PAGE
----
Epidemiologic factors correlated with multiple sexual partners among women receiving prenatal care

Eric I. Rosenberg, Manuel Bayona, C. Hendricks Brown, Steven C. Specter

Research output: Contribution to journalArticle

4 Scopus citations

Abstract

3 cross-sectional survey methodology was used to respond to the need of a local health department to identify correlates of high-risk behaviors related to human immunodeficiency virus (HIV) transmission among pregnant women attending prenatal care clinics. This study of 488 maternity patients was conducted at two public health clients in Tampa, Florida, in 1991. The prevalence of high-risk behaviors was assessed using a self-administered questionnaire. Out of 428 respondents, 25% reported having had intercourse with two or more male partners in the past year. Following multiple logistic regression analysis, four variables remained consistently and significantly associated (P < 0.05) with having two or more sexual partners: (1) annual household income of less than $10,000/y (prevalence odds ratio (POR) = 4.5; 95% confidence limits (CL): 1.5, 13.1); (2) history of prostitution (POR = 8.1; 95% CL: 1.5, 42.1); (3) history of rape or forcible intercourse (POR = 2.2; 95% CL: 1.0, 4.6); and (4) an expressed desire for confidentiality among women seeking further information about acquired immunodeficiency syndrome (AIDS) prevention (POR = 2.1; 95% CL: 1.1, 4.0). Assessment of these factors may lead to better direction of HIV education programs, as well as identification and counseling of specific individuals at high risk for engaging in behaviors that can lead to HIV infection. Short, self-administered questionnaires provide confidential, rapid, and inexpensive means of generating baseline data for further interventions.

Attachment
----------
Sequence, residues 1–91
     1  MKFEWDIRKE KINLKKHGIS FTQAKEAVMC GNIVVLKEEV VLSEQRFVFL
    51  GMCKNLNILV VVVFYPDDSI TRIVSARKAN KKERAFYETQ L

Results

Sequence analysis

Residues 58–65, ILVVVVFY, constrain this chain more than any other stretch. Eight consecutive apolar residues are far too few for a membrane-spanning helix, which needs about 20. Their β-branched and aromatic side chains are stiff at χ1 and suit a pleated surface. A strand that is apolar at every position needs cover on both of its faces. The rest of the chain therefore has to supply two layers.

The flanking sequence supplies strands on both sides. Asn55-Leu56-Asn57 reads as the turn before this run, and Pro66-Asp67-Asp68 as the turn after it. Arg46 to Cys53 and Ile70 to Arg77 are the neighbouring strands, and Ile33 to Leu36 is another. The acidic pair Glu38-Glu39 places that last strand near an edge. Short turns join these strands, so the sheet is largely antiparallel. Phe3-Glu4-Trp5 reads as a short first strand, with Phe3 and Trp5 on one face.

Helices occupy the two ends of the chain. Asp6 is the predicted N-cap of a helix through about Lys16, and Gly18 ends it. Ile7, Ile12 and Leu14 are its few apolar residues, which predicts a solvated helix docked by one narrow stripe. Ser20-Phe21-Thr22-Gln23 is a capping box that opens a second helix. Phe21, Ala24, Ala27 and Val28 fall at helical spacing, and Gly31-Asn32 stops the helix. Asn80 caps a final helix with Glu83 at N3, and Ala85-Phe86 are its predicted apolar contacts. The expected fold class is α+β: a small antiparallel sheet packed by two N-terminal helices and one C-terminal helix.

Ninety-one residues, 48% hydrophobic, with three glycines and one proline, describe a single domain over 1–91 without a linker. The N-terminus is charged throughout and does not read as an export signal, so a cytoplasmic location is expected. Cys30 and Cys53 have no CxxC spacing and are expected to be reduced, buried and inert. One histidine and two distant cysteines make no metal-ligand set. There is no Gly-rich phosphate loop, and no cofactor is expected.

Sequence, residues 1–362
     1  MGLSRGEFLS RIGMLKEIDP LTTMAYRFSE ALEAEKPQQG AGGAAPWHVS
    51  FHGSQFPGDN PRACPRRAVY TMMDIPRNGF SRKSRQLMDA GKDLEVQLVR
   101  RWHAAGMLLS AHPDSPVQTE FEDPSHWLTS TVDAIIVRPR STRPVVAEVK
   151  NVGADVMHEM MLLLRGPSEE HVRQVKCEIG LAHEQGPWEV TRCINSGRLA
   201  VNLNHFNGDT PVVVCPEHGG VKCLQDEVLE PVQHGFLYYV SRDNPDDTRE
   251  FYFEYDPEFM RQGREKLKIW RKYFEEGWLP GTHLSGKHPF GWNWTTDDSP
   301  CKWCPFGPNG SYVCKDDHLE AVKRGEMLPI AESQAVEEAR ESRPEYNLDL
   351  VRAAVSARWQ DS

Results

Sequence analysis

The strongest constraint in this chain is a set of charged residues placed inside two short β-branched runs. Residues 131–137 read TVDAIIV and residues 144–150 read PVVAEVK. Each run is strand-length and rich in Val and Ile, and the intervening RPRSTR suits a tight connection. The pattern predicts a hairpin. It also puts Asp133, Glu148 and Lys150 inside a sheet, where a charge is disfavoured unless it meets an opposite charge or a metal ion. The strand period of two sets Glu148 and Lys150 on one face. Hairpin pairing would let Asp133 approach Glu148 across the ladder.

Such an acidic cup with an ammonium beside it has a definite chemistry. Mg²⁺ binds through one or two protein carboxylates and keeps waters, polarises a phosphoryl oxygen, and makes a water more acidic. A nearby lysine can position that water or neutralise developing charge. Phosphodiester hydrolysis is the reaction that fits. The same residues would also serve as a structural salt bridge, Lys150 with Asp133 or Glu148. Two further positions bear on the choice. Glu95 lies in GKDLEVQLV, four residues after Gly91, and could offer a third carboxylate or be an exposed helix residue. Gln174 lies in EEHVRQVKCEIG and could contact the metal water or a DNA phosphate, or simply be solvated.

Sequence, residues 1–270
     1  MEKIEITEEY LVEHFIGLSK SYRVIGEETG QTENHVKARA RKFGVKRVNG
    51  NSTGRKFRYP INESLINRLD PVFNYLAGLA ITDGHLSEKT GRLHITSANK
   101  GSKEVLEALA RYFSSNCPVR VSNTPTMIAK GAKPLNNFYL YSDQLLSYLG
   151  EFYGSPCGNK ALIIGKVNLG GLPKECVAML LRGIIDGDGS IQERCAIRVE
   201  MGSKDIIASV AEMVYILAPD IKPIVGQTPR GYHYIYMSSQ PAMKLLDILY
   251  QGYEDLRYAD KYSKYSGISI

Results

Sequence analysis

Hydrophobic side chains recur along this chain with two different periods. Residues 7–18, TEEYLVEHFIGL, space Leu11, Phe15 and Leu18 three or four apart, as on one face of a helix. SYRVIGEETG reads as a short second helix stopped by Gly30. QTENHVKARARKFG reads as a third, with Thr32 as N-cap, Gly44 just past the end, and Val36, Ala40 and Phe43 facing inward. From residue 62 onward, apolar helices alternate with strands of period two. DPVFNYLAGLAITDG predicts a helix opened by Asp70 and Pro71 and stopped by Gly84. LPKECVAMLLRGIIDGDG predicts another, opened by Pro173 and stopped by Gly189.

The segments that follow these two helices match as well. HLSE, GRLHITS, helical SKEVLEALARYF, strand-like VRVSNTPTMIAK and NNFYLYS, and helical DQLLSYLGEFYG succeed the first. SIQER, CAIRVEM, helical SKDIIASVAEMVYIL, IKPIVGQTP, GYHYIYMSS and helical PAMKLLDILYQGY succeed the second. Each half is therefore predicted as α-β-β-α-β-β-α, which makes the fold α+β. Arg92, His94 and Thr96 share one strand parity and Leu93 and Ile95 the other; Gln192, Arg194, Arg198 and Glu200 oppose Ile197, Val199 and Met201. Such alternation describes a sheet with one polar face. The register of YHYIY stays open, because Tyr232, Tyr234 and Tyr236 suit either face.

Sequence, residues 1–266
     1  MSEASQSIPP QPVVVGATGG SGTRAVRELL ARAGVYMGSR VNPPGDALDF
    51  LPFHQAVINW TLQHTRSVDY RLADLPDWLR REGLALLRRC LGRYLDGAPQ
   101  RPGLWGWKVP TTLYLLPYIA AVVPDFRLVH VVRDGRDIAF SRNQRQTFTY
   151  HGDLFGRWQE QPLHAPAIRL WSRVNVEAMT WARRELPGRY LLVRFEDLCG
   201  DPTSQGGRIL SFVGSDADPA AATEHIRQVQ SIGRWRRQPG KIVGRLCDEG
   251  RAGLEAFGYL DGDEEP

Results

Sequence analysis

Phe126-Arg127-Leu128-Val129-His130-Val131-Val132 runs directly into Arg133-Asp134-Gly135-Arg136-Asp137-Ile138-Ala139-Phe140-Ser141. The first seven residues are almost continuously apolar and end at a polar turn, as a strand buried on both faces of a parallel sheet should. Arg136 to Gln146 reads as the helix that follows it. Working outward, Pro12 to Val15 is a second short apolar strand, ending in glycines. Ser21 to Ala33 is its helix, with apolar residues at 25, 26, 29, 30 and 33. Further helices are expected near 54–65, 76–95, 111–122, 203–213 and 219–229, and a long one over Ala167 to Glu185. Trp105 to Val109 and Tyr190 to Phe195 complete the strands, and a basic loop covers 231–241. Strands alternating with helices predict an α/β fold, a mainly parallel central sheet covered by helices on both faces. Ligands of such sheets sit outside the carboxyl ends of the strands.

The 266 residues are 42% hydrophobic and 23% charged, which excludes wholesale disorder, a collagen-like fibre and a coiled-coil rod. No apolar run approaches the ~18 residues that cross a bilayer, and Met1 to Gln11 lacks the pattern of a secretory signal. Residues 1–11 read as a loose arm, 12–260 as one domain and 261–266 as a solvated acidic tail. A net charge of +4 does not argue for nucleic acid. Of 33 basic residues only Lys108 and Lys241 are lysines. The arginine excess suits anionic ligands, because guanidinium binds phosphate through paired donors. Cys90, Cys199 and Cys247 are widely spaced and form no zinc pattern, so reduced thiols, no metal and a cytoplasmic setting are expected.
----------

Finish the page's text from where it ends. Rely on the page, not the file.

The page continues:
Original languageEnglish (US)
Pages (from-to)472-479
Number of pages8
JournalAnnals of Epidemiology
Volume4
Issue number6
DOIs
StatePublished - Nov 1994

Keywords

  • Acquired immunodeficiency syndrome
  • behavior
  • epidemiology
  • HIV
  • risk factors
  • women's health

ASJC Scopus subject areas

  • Medicine(all)
  • Epidemiology
  • Public Health, Environmental and Occupational Health

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